Medical technology expert Richard Sorgnard discusses chronic disease management both during and after the COVID-19 pandemic.
Across the United States, new COVID-19 infections have steadily declined as more people get vaccinated and/or develop natural immunity. Yet the impact of the pandemic will still be felt for years to come. Throughout the crisis, many people had to put treating other diseases and managing chronic conditions on hold. Medical expert Richard Sorgnard takes a look at how COVID-19 impacted chronic disease management and what it means going forward.
“Throughout the COVID-19 pandemic, many patients avoided seeking medical care for chronic conditions, and in some cases, people were denied easy access to treatment,” Richard Sorgnard notes. “For example, chemotherapy treatment for cancer was, in some cases, delayed.”
Thankfully, cancer treatment and other forms of healthcare treatment are getting back on schedule. Still, when it comes to chronic conditions, day-in and day-out management are vital. Treatment delays over the past few years may cause issues well into the future.
Research published by the National Institutes of Health found that diabetes, chronic obstructive pulmonary disease, and hypertension were most impacted by the pandemic, at least as far as chronic conditions were concerned. During the pandemic, many doctors and patients had to put off face-to-face meetings, instead, relying on telecommunication.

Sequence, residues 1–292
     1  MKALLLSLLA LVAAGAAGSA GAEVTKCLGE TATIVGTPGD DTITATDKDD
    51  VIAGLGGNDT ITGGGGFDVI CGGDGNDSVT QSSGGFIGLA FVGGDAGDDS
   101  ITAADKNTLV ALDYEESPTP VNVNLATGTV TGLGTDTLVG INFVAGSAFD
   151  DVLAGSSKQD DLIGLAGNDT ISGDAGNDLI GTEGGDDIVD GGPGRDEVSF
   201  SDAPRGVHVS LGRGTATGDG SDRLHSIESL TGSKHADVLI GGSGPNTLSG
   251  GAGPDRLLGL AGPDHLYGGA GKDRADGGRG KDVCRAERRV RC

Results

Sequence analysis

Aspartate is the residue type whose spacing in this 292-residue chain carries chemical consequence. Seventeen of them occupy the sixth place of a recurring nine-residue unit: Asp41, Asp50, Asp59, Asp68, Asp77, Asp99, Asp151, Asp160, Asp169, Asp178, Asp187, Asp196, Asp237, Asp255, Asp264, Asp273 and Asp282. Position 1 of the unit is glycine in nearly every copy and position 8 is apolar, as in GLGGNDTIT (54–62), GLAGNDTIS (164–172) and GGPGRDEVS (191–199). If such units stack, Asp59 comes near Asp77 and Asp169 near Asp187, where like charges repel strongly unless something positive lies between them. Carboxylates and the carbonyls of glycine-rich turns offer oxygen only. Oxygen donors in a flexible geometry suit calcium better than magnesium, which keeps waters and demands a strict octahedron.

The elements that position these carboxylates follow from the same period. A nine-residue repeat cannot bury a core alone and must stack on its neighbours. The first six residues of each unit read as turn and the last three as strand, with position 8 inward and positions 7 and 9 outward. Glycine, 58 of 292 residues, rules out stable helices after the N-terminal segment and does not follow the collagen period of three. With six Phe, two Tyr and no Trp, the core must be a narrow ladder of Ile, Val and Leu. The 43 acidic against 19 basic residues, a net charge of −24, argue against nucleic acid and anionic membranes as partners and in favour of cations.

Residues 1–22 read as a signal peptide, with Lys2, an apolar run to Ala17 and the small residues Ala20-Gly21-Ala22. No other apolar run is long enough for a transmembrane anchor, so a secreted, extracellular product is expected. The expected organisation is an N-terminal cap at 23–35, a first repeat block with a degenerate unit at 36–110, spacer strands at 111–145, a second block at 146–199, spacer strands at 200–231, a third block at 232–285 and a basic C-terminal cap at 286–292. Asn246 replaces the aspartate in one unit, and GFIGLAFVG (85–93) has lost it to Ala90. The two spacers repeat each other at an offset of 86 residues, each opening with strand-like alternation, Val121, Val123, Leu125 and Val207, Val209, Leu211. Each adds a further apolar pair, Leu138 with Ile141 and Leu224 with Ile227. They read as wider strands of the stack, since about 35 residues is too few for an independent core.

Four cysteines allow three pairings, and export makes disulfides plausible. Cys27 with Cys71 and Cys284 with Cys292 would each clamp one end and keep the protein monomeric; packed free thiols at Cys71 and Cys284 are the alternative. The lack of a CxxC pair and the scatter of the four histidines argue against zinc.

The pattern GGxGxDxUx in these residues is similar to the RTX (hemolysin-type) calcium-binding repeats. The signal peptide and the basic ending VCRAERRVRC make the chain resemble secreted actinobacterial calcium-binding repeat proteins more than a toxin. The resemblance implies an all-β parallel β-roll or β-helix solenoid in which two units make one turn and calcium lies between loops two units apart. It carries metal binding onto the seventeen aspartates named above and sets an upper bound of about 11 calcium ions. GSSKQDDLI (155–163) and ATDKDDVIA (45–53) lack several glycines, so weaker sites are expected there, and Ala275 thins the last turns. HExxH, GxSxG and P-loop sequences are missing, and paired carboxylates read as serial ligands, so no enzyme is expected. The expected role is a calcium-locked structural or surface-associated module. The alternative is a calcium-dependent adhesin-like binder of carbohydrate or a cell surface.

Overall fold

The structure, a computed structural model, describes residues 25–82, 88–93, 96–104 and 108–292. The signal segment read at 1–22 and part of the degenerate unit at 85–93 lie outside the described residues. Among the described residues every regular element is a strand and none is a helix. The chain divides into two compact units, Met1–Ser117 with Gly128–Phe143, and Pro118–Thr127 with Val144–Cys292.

“With chronic diseases, day-to-day management is often vital,” Richard Sorgnard says. “A patient suffering from diabetes or pre-diabetes and who couldn’t access healthcare services as normal may face poorer outcomes. Diabetes and other chronic conditions can quickly worsen without proper daily care.”
In some cases, complications from diabetes can result in lost limbs and crippling symptoms, and medical problems. Data suggest that preventable limb amputations increased during the COVID-19 pandemic as patients delayed care and were sheltered in place.
Pandemic Highlights Importance of Smart Medical Devices
Fortunately, medical technology companies are working to make chronic diseases more manageable. Remote care options, for example, allow medical professionals to work with patients wherever they are. Smart devices, meanwhile, can help patients monitor and manage conditions.
“The pandemic is a harsh reminder of just how important it is to properly manage chronic diseases. And even as healthcare gets back to normal, it’s important for patients to manage chronic diseases at home,” Richard Sorgnard notes. “Improved medical technology and remote healthcare options should improve outcomes in the long run.”
Managing blood levels, for example, is a major challenge for patients with diabetes. While at-home blood tests have improved, many patients still benefit from oversight from medical professionals. Wearables now can measure blood sugar levels and even regulate insulin levels. Data collected by devices can be analyzed by medical professionals even if the patient doesn’t come into the office.
“Wearables and smart medical devices increase self-service when managing chronic diseases. COVID-19 laid bare just how important effective chronic disease management is,” Richard Sorgnard says, “but going forward, improving medical technologies will improve day-to-day management of chronic conditions.”